The date has been set for the opening arguments in what is sure to be one of the biggest legal battles in trucking. One side bills it as a fight for safety, and the other side claims to fight for privacy, constitutional rights, and small business owners. It’s OOIDA vs. the FMCSA’s federally mandated Electronic Logging Device (ELD).
The Federal Motor Carrier Safety Administration (FMCSA) has been fighting to put ELDs in trucks for years now to replace the pen and paper log system. They are also commonly known as Electronic OnBoard Recorders (EOBRs) and E-logs.
According to the FMCSA, using ELDs in trucks will make our roads safer by more effectively enforcing the hours of service rules. Some companies even use ELDs to track an increasing pile of data including driver location, speed, fuel efficiency, braking habits, performance, footage using front- and driver-facing cameras, and more.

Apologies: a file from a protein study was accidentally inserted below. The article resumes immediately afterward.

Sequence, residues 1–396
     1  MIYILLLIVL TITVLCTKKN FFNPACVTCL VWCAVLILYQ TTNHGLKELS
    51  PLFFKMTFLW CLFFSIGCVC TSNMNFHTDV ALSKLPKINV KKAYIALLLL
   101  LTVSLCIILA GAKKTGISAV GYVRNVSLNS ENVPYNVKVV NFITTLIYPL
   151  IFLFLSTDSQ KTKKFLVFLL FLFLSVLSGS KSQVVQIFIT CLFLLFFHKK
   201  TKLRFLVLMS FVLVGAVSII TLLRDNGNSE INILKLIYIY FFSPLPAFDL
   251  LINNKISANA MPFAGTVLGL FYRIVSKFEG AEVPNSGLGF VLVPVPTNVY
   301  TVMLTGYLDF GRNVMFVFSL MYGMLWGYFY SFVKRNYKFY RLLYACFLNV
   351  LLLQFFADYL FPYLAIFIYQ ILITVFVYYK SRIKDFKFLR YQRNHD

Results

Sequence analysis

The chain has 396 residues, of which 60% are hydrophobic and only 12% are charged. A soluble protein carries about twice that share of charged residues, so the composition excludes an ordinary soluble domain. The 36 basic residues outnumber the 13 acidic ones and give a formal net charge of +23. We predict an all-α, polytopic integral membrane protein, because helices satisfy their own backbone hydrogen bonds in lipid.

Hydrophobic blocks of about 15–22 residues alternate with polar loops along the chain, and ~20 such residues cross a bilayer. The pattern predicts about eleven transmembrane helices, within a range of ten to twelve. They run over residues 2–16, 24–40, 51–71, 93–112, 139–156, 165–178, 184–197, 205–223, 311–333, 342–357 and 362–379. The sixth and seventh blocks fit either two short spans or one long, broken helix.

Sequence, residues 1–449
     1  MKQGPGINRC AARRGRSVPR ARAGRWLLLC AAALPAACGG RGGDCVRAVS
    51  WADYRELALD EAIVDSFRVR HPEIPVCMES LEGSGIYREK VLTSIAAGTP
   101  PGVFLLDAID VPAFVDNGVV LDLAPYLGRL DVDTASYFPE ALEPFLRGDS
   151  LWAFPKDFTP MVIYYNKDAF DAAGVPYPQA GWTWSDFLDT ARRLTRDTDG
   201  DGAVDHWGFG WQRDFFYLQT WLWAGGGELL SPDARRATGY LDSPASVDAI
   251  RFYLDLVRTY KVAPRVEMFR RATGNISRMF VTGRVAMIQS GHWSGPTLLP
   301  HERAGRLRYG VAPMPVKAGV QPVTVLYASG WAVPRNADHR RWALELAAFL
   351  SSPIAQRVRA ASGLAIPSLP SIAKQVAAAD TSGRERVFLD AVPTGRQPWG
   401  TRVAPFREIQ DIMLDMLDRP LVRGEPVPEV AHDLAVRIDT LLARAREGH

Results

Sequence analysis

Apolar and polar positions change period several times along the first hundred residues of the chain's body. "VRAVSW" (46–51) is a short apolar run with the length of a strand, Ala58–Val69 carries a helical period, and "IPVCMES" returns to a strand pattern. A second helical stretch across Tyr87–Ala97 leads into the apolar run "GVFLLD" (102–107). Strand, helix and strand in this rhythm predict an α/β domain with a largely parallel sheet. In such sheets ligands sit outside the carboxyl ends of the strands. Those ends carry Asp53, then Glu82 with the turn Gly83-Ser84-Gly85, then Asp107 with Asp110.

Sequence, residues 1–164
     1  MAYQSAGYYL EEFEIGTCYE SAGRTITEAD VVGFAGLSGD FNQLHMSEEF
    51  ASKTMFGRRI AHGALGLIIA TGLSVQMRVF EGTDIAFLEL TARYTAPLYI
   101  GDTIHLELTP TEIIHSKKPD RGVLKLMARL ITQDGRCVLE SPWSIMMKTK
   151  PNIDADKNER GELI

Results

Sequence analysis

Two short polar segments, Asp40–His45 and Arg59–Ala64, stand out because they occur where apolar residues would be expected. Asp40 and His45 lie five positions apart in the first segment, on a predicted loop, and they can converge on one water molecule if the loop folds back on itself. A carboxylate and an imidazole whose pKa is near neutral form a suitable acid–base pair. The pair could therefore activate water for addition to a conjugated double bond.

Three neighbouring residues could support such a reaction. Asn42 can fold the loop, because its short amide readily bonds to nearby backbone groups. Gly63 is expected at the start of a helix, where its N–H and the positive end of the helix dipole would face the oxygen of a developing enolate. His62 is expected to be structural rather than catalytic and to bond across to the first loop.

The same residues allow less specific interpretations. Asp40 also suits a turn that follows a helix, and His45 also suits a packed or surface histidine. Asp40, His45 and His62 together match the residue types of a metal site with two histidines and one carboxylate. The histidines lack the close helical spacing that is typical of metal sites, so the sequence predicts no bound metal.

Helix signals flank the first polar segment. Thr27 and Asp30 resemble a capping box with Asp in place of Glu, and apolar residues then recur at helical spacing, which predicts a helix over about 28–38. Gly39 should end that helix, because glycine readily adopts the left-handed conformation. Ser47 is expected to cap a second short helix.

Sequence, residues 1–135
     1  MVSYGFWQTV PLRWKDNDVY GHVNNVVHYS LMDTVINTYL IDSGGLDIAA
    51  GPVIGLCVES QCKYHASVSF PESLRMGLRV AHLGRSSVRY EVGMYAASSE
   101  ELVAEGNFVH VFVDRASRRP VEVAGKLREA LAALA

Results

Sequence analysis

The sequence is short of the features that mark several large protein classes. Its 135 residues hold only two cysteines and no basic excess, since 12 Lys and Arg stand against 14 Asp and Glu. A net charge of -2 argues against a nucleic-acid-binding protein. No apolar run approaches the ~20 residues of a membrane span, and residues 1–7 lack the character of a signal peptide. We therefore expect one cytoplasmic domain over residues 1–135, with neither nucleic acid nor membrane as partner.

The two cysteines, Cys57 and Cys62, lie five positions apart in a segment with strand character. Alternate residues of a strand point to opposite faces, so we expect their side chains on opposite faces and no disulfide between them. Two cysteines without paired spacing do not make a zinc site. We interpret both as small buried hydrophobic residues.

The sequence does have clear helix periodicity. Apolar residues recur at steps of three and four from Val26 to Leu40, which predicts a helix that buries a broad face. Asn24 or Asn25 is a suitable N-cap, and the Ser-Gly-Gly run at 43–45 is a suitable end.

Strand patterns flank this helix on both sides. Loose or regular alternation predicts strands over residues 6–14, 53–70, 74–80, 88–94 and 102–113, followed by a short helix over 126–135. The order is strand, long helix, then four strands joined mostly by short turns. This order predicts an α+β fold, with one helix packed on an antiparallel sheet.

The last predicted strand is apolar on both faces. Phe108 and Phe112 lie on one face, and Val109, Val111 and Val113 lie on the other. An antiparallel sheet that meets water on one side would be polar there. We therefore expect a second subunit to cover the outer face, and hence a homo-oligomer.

The Owner Operator Independent Driver’s Association (OOIDA) has put forward many different arguments against mandatory ELD use in commercial motor vehicles. They claim for example that:
- There is no proof that ELDs decrease crash risk
- ELDs are no more accurate than pen-and-paper logs
- Dispatchers could use data gained from ELDs to harass drivers
- Prohibitively expensive systems could drive small carriers and owner-operators out of business
- Mandatory ELDs violate drivers’ fourth amendment right to be free from unreasonable searches and seizures
This is not the first time OOIDA has taken the FMCSA to court over ELDs. Twice before a court has ordered for the FMCSA to go back to the drawing board with the rule, most recently because the ruling failed to sufficiently protect drivers from harassment. While anti-harassment rules were put in place, OOIDA claims that they are not enough.
A panel of three judges for the Seventh Circuit Court of Appeals in Chicago will hear the case this time. OOIDA has filed the case as the main plaintiff, but also named are two OOIDA members, Mark Elrod and Richard Pingel. Both Elrod and Pingel were named as plaintiffs in the case brought successfully by OOIDA in 2011. Opening statements are scheduled for September 13th.